BIT-C-128 Video DAC for Commodore 128/128D, IBM CGA, and Tandy CGA Plus

Frequently-Asked Questions (FAQs)

Q: Why would I need a BIT-C-128 Video DAC?

A: The Gonbes GBS-8200 and GBS-8220 accept only analog red, green, and blue (RGB) color signals with digital sync. (On these units, inputs with composite sync or separate horizontal and vertical sync are abbreviated RGBs and RGBHV, respectively.) The RGB color signals output by a Commodore 128 in 80-column mode (or IBM CGA or similar) is digital RGB plus intensity (RGBI) and vertical and horizontal sync. The BIT-C-128 Video DAC accurately converts the 16 digital RGBI codes to the intended analog RGB color levels plus composite sync, and enables convenient easy connection to a Gonbes GBS-8200 or GBS-8220.

Q: What will I need to get started?

A: Depending on your display and your computer, and what you want to do with them, follow the simple sequence below to determine what you will need. Note that a BIT-C-128 Video DAC with a Gonbes GBS-8200 or GBS-8220 will allow you to add more functions later. Every user will follow the first two steps, and most users only need the first 3 to 4 steps.

  1. Convert color signals from digital to analog. To use a Commodore 128’s 80-column output (or IBM CGA or similar), use a BIT-C-128 Video DAC to convert the digital color and intensity signals (RGBI) and separate sync (HV) to analog color plus composite digital sync (RGBs). Although the BIT-C-128 Video DAC is small enough to connect directly into most computers, many users find it convenient to extent the digital RGBI signals with a DE-9 extension cable and a to fasten the cable to the DAC with a pair of jack screws. (For your convenience, you can buy these with the DAC.) If your display accepts slower-than-VGA analog RGB (nominally 17kHz), all you’ll need is the right cable and cable adapter. (I sell those and also show how you can build your own.)

  2. Supply 5-volt power. Use a 5-volt power source of good quality. I sell 5-volt AC power adapters that I know work well, including a power adapter with a North American plug and a slim international power adapter with a folding North American plug and its clip-on plug adapters for most of the world. If you do not need a Gonbes unit (described in the next step), you may power your BIT-C-128 Video DAC from an AC power adapter via a 2-wire power kit, or from another 5-volt DC source that you might have handy.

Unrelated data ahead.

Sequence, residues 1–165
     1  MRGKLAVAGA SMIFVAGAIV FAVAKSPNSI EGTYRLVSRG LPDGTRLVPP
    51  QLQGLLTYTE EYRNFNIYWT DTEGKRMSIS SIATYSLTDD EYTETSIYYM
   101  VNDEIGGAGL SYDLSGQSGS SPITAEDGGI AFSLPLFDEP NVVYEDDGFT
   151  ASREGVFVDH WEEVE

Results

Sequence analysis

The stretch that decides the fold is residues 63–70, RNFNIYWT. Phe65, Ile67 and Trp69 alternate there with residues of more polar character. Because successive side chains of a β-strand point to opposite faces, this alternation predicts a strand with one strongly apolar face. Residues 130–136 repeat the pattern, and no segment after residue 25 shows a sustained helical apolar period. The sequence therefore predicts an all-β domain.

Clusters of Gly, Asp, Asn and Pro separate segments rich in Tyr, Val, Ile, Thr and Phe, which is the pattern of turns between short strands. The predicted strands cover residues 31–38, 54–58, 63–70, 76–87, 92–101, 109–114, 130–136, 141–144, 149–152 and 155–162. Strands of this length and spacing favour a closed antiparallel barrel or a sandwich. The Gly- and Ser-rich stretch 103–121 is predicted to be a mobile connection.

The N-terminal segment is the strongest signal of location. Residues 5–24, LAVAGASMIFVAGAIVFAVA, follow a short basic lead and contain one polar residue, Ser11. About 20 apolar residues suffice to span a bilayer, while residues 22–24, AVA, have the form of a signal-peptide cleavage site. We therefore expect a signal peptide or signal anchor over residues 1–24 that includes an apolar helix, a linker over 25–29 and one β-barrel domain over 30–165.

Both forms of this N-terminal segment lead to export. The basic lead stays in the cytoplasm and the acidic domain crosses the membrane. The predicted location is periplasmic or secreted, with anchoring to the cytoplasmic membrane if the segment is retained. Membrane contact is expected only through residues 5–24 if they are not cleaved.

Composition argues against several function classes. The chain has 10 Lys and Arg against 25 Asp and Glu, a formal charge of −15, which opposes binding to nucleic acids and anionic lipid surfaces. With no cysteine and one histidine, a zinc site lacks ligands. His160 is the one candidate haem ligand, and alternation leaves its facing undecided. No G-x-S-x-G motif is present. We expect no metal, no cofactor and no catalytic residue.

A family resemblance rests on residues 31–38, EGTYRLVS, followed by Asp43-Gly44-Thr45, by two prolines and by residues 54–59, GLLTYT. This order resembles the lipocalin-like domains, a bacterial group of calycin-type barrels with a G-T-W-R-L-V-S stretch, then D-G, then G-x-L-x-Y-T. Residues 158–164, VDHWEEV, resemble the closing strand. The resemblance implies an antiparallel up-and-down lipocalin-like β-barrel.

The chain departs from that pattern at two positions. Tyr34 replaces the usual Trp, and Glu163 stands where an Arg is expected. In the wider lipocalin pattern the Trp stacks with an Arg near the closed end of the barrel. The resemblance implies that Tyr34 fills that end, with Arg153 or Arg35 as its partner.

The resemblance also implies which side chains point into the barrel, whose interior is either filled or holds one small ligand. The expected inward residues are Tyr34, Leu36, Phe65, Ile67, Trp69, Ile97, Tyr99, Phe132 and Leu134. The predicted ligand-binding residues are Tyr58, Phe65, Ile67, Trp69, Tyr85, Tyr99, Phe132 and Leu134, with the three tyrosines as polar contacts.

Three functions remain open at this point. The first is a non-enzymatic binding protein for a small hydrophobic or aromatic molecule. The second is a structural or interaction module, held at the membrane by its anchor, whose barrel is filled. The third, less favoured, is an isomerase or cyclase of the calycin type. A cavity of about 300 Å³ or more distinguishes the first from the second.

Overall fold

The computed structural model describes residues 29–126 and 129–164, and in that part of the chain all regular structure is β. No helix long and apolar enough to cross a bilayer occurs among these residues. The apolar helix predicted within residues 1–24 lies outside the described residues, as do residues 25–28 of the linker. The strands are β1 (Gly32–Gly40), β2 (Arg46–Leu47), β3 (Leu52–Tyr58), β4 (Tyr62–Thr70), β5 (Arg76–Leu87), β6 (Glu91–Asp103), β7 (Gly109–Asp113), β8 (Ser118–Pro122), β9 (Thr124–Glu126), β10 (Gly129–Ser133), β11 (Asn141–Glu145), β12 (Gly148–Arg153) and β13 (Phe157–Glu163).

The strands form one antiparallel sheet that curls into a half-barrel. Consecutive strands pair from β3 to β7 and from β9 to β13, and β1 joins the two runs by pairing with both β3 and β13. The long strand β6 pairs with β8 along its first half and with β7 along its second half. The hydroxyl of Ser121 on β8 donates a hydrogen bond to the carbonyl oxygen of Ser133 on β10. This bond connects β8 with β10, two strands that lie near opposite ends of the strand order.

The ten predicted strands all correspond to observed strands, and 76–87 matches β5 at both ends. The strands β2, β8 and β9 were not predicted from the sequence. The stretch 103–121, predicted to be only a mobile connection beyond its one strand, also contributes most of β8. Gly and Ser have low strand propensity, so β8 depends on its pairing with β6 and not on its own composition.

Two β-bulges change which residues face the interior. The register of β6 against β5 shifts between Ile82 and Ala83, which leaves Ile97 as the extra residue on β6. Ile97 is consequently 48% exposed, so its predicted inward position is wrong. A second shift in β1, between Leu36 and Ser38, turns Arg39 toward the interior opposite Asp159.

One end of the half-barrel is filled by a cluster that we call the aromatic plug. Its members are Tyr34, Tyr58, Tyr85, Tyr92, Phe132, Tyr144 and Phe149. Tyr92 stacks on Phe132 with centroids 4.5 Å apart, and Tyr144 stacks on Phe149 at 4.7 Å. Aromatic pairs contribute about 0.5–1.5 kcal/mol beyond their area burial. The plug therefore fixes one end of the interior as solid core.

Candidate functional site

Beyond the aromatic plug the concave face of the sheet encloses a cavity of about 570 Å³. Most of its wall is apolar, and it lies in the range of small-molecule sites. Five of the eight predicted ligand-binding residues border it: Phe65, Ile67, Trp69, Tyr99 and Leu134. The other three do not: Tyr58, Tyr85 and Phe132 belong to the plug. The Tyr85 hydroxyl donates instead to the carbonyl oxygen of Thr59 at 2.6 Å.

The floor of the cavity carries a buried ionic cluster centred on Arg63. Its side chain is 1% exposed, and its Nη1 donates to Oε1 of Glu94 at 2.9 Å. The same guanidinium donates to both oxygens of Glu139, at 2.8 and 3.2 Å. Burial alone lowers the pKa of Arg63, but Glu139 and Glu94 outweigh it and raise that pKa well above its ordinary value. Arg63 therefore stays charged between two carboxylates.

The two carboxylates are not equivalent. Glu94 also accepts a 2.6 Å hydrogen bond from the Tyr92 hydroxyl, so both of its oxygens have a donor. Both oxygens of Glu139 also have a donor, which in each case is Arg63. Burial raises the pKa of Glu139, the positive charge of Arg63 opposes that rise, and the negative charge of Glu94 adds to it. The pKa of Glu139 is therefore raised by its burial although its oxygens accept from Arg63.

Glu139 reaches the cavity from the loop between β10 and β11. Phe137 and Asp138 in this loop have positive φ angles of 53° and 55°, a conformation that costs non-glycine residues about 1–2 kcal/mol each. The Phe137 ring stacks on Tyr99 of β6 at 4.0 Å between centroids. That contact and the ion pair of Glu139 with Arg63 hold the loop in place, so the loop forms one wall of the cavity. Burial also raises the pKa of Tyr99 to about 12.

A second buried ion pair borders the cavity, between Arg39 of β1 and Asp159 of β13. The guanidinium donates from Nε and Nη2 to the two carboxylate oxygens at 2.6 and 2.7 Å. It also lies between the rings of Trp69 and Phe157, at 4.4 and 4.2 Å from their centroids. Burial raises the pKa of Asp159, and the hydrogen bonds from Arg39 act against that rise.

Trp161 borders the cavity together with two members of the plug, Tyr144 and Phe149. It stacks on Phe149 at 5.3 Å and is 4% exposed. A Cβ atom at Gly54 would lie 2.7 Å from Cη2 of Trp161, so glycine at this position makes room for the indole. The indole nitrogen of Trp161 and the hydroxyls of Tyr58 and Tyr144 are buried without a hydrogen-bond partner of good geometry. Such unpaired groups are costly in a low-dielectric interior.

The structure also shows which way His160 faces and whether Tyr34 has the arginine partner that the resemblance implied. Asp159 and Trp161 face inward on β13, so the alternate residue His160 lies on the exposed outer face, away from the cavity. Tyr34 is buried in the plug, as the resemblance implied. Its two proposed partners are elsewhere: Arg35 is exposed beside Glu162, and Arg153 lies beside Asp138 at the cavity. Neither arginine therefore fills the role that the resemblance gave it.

3. Increase scan rates from CGA to VGA. Most users want to connect to a display that accepts VGA input. To convert the slower CGA-rate (15.75 kHz) video signals to the faster VGA rate (31.46875 kHz), I recommend using an inexpensive Gonbes GBS-8220. (The Gonbes GBS-8200 is usually a little cheaper and also works, though arguably not as well.) Each Gonbes units is supplied with two cables that have a connector at one end and tinned wires at the other. One is a two-wire power cable, and the other is a six-wire signal cable. The tinned ends simply insert into the video DAC's terminal block, which has convenient spring-loaded contacts that clamp down on the wires.

  4. Connect your 40-column mode output. Those lucky enough to have a Commodore 128 will have a 40-column output from an entirely different video circuit. Some displays (such as the Dell U2410) will accept an analog composite IF (intermediate frequency) signal; if you have one that does, you can plug the signal right in, and use the switch on the display to select the input. Most displays don’t have one of these inputs, so I recommend getting a Commodore video cable, an Ambery SDV1 (with included AC adapter for about $80) , and 3 RCA male-male cables to plug the SDV1’s component video output into the Gonbes unit; you can then switch between inputs on the the Gonbes unit.